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These days, I'm the director of the American Library Association' s Office for Intellectual Freedom. I'm also executive director and secretary of the Freedom to Read Foundation. See "About Me" for contact information.

Saturday, January 30, 2016

Trolls

You've seen them. Indeed, you can't avoid them. You step into an online discussion that interests you, and ... there he is. (It might be a she, but not usually.)

I'm talking about trolls.

So what do I mean? A troll is not:

  • Someone who expresses a contrary view or argument. That's interesting and an occasion for learning.
  • Someone who is socially dim or clueless. Let's face it: at some point, that's all of us. We offend people. Usually, it's unintentional, and when it's pointed out, we realize we've overstepped. If we're mindful, then we try to mend bridges. Sometimes, our offensive comments are totally intended (we are snarky, sarcastic, and/or condemnatory), and we shouldn't be surprised by the response. But, call me old-fashioned, I think we should try to be polite.

A troll is:

  • Someone who obsesses about a viewpoint. And here I mean not just sounding a recurrent theme, but demonstrating an unwillingness to let go of a particular event. Trolls expand that circumstance to a general indictment, and ignore any contrary evidence or context.
  • Someone who demands that anyone holding a contrary view weigh in, every single time, to any statement the troll declares is important. And the failure to respond proves the conspiracy of suppression.
  • Someone who must be noticed, who calls persistently for acknowledgement even when such an acknowledgement would be decidedly odd and irrelevant.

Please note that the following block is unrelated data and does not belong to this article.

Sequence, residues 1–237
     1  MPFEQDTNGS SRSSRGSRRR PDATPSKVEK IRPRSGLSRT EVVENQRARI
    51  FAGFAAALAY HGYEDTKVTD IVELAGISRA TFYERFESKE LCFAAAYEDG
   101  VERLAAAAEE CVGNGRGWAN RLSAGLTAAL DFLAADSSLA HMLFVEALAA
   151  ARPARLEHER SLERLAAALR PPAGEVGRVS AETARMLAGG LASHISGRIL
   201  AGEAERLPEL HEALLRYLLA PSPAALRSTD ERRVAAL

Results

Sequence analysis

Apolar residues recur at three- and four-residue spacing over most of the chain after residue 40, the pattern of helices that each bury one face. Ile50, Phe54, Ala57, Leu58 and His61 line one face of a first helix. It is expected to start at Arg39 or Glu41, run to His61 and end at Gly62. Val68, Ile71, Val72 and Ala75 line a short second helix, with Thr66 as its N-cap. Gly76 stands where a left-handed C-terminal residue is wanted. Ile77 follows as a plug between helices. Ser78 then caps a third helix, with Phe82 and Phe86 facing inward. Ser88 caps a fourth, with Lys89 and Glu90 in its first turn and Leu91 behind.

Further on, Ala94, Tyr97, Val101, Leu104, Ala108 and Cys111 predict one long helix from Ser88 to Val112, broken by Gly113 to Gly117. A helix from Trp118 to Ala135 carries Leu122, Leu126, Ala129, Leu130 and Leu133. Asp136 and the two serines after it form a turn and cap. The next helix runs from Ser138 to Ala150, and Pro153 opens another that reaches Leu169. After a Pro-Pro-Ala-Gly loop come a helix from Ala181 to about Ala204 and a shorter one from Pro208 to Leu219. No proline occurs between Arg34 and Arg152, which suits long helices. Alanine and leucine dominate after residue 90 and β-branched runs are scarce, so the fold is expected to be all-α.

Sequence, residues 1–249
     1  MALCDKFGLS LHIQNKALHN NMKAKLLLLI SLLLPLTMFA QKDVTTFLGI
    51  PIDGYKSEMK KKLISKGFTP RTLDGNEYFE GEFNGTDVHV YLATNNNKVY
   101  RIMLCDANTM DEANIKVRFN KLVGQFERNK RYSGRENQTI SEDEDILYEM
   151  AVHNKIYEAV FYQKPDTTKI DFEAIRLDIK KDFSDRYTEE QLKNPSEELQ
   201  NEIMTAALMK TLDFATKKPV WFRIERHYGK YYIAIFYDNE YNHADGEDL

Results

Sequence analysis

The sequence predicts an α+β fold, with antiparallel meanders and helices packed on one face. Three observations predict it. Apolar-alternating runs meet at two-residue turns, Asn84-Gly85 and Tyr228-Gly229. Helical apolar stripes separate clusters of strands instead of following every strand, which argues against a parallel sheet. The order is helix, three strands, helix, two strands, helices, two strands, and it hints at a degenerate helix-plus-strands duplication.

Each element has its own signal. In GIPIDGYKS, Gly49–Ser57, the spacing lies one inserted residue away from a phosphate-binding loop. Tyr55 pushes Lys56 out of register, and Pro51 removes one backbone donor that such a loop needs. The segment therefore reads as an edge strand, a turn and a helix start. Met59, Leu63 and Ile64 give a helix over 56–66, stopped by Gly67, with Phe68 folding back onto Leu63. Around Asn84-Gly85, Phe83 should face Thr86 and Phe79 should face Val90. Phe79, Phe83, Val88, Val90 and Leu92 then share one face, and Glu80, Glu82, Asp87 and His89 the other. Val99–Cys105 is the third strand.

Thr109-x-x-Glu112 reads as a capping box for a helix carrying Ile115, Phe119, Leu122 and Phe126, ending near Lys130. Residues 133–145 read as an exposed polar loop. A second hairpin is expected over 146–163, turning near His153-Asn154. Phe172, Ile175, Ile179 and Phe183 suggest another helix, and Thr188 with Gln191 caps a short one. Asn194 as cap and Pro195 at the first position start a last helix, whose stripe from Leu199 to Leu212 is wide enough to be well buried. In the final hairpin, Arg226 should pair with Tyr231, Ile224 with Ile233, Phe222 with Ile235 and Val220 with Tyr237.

Ultimately, trolling is a kind of mental illness, a desperate and narcissistic attempt to seize collective attention and refocus it on the troll.

The problem, of course, is that it isn't always clear or obvious when someone moves from being just irritating to mentally disturbed.

But I will say that trolls are corrosive to public debate. I once thought that the Internet and the ability of the public to respond instantly to the news could usher in a new round of civic engagement and enlightened discourse. Instead, the race to the bottom - turning every single posting into (pick one) an anti-Obama, anti-immigrant, anti-business, anti-whatever rant - makes people turn away from comments altogether. It's free speech, and that's swell. But all too often it's not free speech worth listening to. Instead, it's a loop of nasty self-references. In the end, it's boring.

As an inveterate letter-to-the-editor-writer, I used to chafe at the rejection of my missives. But, in retrospect, a system that moderates, edits, and confirms the identity of contributors seems smart. The sad truth is that even I need to be moderated sometimes.

Here's the core issue: what do you do about a troll, especially one that stalks you? On the one hand, you want to be polite. On the other, you don't want to grant this person the right to dictate how you spend your time. You have your own life. Yet trolls keep tossing their thoughts into the public forum, responding to your every action.

So sometimes, you just ... ignore them. It's not that you think they're subhuman. It's just that you've learned interacting with them winds up being a "striving after wind" (Ecclesiastes 1:14). You get what they mean, you don't agree, and continued engagement with them is just pointless.

So we wind up with the Internet meme: don't feed the trolls. Don't give them air, don't give them time, don't give them a blank check on the bank account of your attention.

Have you ever dealt with a troll? What worked for you?